Business transformation for Maersk has come at a crucial time for the company when the economic scenario across the world looks very shaky. While the pie of global trade remains the same or even shrinks, the largest shipping liner in the world would want to grow its business. When other players join the clamor, large traditional businesses have to turn to technology to drive the next share of growth.
According to the OECD Economic Outlook the global expansion continues to lose momentum. Global growth is projected to ease further to 3.3% in 2019 and 3.4% in 2020, with downside risks continuing to build. Growth has been revised downwards in almost all G20 economies, with particularly large revisions in the euro area in both 2019 and 2020. "The slowdown in many key trading economies - such as Germany, China, the United Kingdom and Italy - is acting to weaken growth in their trading partners in Europe and in Asia given their importance as export markets and in regional supply chains," says OECD.
An optimistic Clerc, however, says some of the numbers that we are seeing right now is mostly driven through bad numbers in February out of the Far East because the Chinese New Year was celebrated in the beginning of February. "Once we you look at the quarter all together we will have a better trend that evens out these seasonal swings and we will get a better view of a picture on the macro basis that is not extremely healthy, but that it is not either something to be overly concerned about," says Clerc.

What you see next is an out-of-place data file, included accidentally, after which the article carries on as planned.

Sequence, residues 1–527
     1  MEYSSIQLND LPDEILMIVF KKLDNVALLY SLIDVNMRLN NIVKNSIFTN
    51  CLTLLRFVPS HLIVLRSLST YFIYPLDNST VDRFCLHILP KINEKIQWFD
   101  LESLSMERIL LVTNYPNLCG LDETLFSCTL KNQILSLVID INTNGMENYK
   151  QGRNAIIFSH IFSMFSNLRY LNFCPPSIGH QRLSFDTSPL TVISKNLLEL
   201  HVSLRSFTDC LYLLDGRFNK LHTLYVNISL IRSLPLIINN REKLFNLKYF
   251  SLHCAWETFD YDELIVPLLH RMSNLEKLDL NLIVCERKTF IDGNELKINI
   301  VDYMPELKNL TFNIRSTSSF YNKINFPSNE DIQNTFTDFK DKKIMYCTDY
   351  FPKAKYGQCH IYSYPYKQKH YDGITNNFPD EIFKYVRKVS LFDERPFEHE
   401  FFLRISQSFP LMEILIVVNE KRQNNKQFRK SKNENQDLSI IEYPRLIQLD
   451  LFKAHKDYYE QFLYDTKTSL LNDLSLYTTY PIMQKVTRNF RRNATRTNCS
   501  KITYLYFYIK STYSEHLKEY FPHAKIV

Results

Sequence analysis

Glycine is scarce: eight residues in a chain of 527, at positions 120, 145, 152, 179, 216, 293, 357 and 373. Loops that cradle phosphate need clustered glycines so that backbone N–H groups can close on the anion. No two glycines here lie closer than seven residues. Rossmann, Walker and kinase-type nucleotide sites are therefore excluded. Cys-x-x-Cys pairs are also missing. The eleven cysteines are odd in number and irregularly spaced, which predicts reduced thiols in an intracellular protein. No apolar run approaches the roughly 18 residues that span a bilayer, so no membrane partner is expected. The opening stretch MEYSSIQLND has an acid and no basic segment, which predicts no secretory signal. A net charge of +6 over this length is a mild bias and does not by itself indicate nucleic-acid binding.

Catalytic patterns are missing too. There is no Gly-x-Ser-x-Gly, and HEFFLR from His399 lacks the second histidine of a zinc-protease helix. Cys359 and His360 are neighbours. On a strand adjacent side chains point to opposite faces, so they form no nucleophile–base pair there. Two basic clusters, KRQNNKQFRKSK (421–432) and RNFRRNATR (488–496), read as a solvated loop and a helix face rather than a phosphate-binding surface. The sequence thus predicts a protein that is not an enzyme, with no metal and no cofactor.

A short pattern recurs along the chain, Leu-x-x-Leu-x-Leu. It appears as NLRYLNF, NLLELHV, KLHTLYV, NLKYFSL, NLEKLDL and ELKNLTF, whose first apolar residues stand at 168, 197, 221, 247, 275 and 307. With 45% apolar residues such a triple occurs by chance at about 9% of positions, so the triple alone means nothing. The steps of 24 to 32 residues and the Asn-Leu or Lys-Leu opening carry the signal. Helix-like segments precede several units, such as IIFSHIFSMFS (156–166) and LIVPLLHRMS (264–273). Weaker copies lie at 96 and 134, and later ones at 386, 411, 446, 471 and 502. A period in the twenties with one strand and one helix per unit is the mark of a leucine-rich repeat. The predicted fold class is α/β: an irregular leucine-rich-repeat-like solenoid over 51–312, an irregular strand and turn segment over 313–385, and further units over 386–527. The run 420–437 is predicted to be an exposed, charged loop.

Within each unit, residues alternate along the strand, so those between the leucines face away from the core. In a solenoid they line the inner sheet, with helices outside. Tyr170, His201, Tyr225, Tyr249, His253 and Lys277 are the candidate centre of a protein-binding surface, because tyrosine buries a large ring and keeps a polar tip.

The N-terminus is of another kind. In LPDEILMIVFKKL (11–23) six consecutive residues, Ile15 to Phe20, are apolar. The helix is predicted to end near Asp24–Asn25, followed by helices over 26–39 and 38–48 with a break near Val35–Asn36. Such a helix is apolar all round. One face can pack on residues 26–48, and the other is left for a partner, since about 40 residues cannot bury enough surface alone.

Maersk in February forecast 2019 profit below analysts' estimates and said the trade is in for a significant slowdown in 2019. Clerc explains, "We are of course vulnerable to certain shocks. If you have certain unexpected changes on trade wars or trade regulations or significant macroeconomic shifts, we are subject to a certain uncertainty. We know we have a very large uncertainty with the 2020 International Maritime Organization (IMO) regulations on fuel, which will already have an impact on the fourth quarter of this year as you really need to start executing on that switch."
In April 2018, the IMO agreed to its initial greenhouse gas (GHG) strategy, which aims to reduce the international shipping sector's GHG emissions at least 50 percent below 2008 levels by 2050. In line with the IMO strategy, last year the shipping giant announced its ambition to de-carbonize container transport by 2050.
This is another aspect that the company would be hoping to tackle through technology. Talking about the role of startups in finding solutions for green shipping, Clerc says, "Part of the solution can come from startups, but they do not have the ability to operate at scale. Startups could play a very interesting role in finding solutions in some of the fields such as trying to find formulas for fuels etc. It is also something that we are getting increasingly interested in. We will see a proliferation of startups in this field in the coming years," he said. Setup in 2018, Maersk already runs a large startup accelerator called OceanPro in Bangalore.